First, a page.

8. What is so great about Wildflower honey? Wildflower honey has, by definition, multiple pollens in it. It is better to eat a WILDFLOWER honey from another region for allergy purposes rather than a local one-pollen honey. Because so many pollens are similar to one another, it is likely that pollens from other regions will still help one’s local allergy problem due to the similarities in the pollens from region to region.

Here is why - our bodies build immunity to pollens by producing fake substitutes called antibodies from the pollens we are exposed to. These antibodies then essentially "plug" the receptors to which invading pollens would attach. With nothing to attach to, these pollens are washed out of our bodies without causing harm. The trick is to expose the body to enough DIFFERENT pollens (in small amounts) so that the body is able to plug all available receptors with antibodies. Wildflower honey can do just that! It does not matter if the pollens in the honey are local to your area or not. It only matters that you get enough DIFFERENT pollens to cover all the different types of receptors. Only a quality, unprocessed wildflower honey can deliver this variety of pollens. For even faster results, eat Wildflower honey from different regions. This will provide an even greater number and diversity of pollens for your body to work with.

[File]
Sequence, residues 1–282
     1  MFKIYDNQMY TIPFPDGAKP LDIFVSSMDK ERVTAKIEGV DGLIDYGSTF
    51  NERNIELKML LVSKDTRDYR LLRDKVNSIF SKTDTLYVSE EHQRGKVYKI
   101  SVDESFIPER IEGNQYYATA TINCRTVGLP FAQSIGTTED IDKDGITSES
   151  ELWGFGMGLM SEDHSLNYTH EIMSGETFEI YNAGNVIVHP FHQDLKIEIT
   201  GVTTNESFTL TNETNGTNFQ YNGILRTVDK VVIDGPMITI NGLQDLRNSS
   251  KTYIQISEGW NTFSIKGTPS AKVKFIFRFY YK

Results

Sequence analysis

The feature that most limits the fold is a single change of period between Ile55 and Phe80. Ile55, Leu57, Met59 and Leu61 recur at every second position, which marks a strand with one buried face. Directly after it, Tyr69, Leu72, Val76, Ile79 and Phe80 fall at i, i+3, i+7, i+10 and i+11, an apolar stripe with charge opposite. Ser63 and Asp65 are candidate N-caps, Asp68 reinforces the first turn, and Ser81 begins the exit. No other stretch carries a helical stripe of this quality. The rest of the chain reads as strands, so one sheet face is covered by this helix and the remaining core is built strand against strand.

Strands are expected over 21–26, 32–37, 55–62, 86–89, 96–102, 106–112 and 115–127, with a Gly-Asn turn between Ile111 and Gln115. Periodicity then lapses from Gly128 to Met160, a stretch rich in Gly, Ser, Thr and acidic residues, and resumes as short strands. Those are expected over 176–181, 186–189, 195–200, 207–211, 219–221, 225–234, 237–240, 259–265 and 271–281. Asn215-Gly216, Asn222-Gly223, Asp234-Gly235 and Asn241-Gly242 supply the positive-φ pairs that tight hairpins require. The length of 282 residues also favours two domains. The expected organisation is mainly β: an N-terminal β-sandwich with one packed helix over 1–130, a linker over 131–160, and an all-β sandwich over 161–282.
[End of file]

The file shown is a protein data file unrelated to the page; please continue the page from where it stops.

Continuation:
9. Beware supermarket honey even if it says wildflower – most processed honey has been micro filtered, removing all of the pollens. Bottom line – if you need raw honey for allergies, always buy unprocessed WILDFLOWER honey, even if it must come from another region. When possible, buy it from a beekeeper directly. Don't be timid - ask him where it was produced and if any processing (as described above) was used before it was packed.

10. Most local beekeepers are members of beekeeping associations. Google "beekeeping association" in your geographic area to see where they meet and how to contact them. Find out if one of these members can provide you with their local wildflower honey. If not, then shop for Wildflower honey in another region. It will help your allergies!


11. Can babies be given honey? There are pros and cons to this. Some say there is a potential for baby to get botulism from any food that has not been pasteurized including honey (Baby food manufacturers like to point this out). A baby under one year of age has not had time to build immunity to botulism through normal daily exposure to the botulism spore (it is on practically everything). This said, there are no reports of any baby getting botulism from honey - it is only a possibility. Meanwhile, withholding honey from an infant is denying it the many beneficial aspects of honey - such as its proven ability to strengthen the immune system! You can see the irony here. It is ultimately up to the parent to decide what is best for Baby to eat. We hope this additional information will help you make an informed decision.

Honey Guy is a member of the EAST TEXAS BEEKEEPERS ASSOCIATION and the TEXAS BEEKEEPERS ASSOCIATION.